During the 1920s a quickly rising building boom began in southern California, known as the “Golden Era of Tile Making”. Thousands of newcomers during the western migration were eager to settle and build on their new land purchases. The increased demand of wanting to develop their properties brought about many tileries and expanded the Arts and Crafts movement. The early Spanish settlers that colonized there also introduced their use of brightly-colored tiles used in architecture.
During this time, brothers Eric A. Douglas and Frank M. Taylor began Taylor Tilery in Santa Monica, CA. This location in southern California was prominently known for good clay deposits and would become a large area supporting many pottery companies. Taylor Tilery produced decorative tiles, garden ornaments and chimney pots, mostly using the thick red-clay found nearby.
Sometime in the 1930s Douglas left Taylor Tilery and the company rebranded as Taylor Tile. Taylor then discovered a market for small tabletops. After Malibu Tile closed in 1934, Taylor hired designer William (Bill) Handley. Handley designed the famous bird panel designs and the reproduction of several of Taylor’s Malibu designs.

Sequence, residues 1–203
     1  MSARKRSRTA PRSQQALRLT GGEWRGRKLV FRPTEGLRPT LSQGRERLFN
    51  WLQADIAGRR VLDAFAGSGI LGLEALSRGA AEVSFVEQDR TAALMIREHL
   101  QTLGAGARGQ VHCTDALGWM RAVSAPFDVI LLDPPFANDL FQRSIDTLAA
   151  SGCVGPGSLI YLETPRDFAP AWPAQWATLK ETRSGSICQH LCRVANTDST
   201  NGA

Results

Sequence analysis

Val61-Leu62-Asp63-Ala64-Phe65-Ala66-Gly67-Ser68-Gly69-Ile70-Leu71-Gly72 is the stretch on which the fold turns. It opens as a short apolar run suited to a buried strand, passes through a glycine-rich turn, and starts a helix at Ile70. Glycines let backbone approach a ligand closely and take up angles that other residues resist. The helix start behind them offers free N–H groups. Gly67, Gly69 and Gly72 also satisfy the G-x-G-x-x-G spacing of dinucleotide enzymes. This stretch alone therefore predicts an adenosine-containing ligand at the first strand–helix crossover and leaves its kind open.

Records show Taylor Tilery operated from around 1934 to 1938. However, records from Santa Monica directories lists Santa Monica Brick Company operated under the names of Taylor Tilery, Monaco and Santa Monica Tile. Their red clay tiles often had soft-edge designs and are often marked with the trade name “Monaco” and Santa Monica Brick.
During the mid- to late-1930s, Douglas joins Taylor again. They resumed production of roofing tiles that were more profitable at that time. Douglas, wanting to have joint share in the business forced Taylor to split their operations between the Santa Monica (Douglas) and Whittier (Taylor) facilities. Douglas renamed his business as Santa Monica Tile and continued to produce decorative tile. These decorative tiles can be found all over Southern California.